All ten firms contacted this cycle reported higher sales, and three said their company had seen its best performance ever in recent quarters. Semiconductor industry contacts reported exceptionally strong demand, coming from both the auto industry and manufacturers of personal computers and other electronic devices. Combined with supply-chain hiccups that began in 2019 and were exacerbated by the pandemic, the surging demand has led to shortages in the chips used in automobiles in particular. Other manufacturers, producing everything from almond milk to bulk chemicals to veterinary diagnostics to lab equipment, also reported very strong sales.

Most contacts planned to increase their capital expenditures in 2021. Some of these increases were intended to compensate for COVID-19 related disruptions to investment activity in 2020. Surprisingly, however, some contacts revised their capital expenditure plans down for 2021 because they had completed more investment in 2020 than originally expected. Contacts were generally optimistic about 2021, despite expressing uncertainty about the evolution of the pandemic and vaccinations. One contact expressed concern that some of the demand increases they had experienced in 2020 would recede along with the pandemic. For example, a veterinary care products maker said that COVID-19 had led people to spend more time with pets and to adopt new ones, a pattern that could reverse in the coming months.

Staffing Services

A few New England staffing firms reported negative year-over-year revenue growth, but the majority experienced stronger-than-expected growth in Q4 of 2020. The demand for labor was strong in most sectors, including manufacturing and legal services, but one contact noted a surplus of lower-skilled services workers. Both bill and pay rates increased for most firms, but without any substantial changes to mark-ups, as client organizations were willing to pay higher wages. In addition, most contacts reported incurring greater costs in order to attract candidates, such as expanding their advertising efforts and/or hiring additional recruiters. Contacts were unanimous in expressing greater optimism about the coming quarters, as they expect that vaccine rollouts will allow more people to reenter the workforce.

Commercial Real Estate

Commercial real estate conditions in the First District were mostly unchanged since December. Throughout the District there remained significant disparities between the industrial sector—which saw robust demand and extremely low vacancy rates—and the retail and hospitality sectors, both of which continued to register very weak demand and declining property values. The life sciences industry, concentrated in greater Boston, extended its boom in the leasing and construction of lab space. Although office leasing was mostly sluggish, a Providence contact reported a slight uptick in leasing activity that was noteworthy in that tenants expressed interest in longer-term leases. The same contact noted that concessions on Providence office space had increased, lowering effective rents if not asking rents. Contacts expect demand for office space to remain muted or to improve modestly in the first half of 2021, and to improve significantly in the second half. Hotel demand is expected to rebound in mid-to-late 2021 as well. Nonetheless, contacts are forecasting a permanent decrease in office occupancy of 20 percent or more in the post-pandemic economy, and a glut of lab space in greater Boston remains a risk at the two-to-three-year horizon.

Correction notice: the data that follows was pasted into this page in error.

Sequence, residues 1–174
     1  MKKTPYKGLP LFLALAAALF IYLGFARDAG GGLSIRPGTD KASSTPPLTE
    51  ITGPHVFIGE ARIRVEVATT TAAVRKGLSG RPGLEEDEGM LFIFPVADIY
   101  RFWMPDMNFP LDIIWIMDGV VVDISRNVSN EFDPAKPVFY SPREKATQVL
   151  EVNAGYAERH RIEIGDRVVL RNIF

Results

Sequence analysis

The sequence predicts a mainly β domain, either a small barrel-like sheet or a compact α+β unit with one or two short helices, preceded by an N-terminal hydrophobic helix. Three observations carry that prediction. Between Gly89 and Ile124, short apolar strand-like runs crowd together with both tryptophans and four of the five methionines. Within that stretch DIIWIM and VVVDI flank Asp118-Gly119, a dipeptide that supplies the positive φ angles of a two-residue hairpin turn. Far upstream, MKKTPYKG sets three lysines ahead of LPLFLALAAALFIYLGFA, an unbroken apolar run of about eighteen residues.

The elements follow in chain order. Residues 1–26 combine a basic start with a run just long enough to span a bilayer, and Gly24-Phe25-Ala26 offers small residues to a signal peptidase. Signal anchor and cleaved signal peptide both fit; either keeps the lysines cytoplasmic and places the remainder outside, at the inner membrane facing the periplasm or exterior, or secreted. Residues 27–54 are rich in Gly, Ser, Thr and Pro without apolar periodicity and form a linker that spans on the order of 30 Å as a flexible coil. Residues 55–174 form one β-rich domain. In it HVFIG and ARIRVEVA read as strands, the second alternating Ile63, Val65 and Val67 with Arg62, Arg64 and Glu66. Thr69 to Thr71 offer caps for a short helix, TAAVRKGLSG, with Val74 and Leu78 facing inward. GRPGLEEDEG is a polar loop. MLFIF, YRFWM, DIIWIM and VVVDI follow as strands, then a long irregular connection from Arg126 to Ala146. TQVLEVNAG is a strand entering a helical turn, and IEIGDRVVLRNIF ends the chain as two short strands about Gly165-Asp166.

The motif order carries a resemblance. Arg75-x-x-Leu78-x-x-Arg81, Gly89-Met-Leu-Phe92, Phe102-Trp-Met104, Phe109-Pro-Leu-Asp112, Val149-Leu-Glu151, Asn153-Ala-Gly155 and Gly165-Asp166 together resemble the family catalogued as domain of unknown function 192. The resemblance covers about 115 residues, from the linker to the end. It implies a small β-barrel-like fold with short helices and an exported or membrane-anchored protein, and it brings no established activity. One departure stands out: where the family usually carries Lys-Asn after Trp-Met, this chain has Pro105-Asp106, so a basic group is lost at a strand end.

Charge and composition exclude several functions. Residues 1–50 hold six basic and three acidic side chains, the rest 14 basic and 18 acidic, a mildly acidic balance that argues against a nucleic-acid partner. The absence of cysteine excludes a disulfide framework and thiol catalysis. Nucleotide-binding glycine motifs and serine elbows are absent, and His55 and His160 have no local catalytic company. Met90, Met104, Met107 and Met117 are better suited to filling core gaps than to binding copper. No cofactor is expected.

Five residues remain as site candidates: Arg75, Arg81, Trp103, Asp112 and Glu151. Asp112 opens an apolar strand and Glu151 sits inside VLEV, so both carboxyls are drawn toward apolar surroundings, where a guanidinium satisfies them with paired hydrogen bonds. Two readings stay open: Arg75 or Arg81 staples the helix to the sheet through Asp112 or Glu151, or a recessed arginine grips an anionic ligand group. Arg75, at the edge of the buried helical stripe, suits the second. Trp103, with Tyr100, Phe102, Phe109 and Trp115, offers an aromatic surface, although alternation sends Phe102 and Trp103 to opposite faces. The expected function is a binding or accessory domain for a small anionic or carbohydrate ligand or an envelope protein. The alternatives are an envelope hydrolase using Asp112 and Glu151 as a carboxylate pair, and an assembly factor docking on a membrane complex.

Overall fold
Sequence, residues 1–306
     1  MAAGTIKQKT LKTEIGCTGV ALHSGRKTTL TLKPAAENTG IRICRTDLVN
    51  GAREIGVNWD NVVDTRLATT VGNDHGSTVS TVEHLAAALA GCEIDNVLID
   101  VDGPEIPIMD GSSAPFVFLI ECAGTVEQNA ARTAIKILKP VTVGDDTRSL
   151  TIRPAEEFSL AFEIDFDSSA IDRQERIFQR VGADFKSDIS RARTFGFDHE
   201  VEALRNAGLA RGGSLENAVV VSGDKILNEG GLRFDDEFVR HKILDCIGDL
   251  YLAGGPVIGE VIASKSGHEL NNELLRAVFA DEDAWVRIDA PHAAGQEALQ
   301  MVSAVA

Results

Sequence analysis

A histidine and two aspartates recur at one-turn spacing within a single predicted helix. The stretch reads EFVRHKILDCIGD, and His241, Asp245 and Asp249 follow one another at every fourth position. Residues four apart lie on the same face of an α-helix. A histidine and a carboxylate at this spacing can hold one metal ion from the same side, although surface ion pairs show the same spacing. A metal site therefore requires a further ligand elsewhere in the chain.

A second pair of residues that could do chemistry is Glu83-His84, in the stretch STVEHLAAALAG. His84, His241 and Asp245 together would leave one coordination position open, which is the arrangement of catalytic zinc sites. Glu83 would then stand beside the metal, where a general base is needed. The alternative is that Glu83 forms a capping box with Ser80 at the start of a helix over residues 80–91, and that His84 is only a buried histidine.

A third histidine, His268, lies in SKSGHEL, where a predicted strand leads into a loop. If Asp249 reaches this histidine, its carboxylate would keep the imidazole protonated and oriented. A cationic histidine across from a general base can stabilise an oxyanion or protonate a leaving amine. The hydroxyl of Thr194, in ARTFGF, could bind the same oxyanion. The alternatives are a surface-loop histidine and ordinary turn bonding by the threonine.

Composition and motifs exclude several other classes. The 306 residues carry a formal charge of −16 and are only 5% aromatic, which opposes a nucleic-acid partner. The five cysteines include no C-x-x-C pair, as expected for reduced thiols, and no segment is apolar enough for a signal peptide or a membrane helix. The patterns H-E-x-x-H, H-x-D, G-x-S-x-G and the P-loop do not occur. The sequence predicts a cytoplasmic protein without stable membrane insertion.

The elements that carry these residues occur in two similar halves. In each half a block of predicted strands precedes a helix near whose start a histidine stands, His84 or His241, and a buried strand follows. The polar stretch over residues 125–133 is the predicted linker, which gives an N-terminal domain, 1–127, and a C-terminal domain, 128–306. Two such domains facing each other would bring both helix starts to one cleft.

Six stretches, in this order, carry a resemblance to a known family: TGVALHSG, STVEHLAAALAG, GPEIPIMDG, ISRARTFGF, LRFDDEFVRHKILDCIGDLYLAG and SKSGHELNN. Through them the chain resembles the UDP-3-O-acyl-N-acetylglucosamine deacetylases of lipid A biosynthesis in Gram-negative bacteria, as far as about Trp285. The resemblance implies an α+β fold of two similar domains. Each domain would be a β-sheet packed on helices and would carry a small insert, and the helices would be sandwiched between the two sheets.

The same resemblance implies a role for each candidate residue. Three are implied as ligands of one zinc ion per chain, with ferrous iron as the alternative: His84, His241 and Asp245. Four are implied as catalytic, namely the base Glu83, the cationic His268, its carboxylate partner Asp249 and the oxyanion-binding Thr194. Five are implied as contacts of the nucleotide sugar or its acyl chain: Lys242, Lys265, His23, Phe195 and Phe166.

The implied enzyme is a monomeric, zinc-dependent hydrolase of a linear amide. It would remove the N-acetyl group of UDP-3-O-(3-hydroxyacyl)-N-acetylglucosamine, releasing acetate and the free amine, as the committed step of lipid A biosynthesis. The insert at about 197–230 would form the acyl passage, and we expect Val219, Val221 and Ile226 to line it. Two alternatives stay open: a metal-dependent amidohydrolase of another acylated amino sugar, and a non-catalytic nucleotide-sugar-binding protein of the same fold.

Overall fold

Residential Real Estate

The residential real estate market in New England showed no signs of slowing in December and January. (Rhode Island and Vermont reported over-the-year changes to December 2020; Massachusetts, Boston, New Hampshire, and Maine reported over-the-year changes to January 2021; Connecticut data were unavailable.) The number of closed sales increased in all reporting areas. However, the inventory of homes for sale continued to fall well below year-earlier levels in all markets except the Boston condo market, which saw an uptick in inventory. The median sales price rose in all markets, but the increase was greater for single-family homes than for condos. Contacts from Massachusetts, Rhode Island, and Maine saw high numbers of out-of-state buyers, especially for homes in vacation communities. The Massachusetts contact said low interest rates and flexible work arrangements had likely provided a boost to demand for vacation homes.

 

For more information about District economic conditions visit: www.bostonfed.org/regional-economy.

All Beige Book content going back to 1996 can be found at the Board of Governors website.

The Minneapolis Fed hosts the Beige Book archives by district, going back to 1970.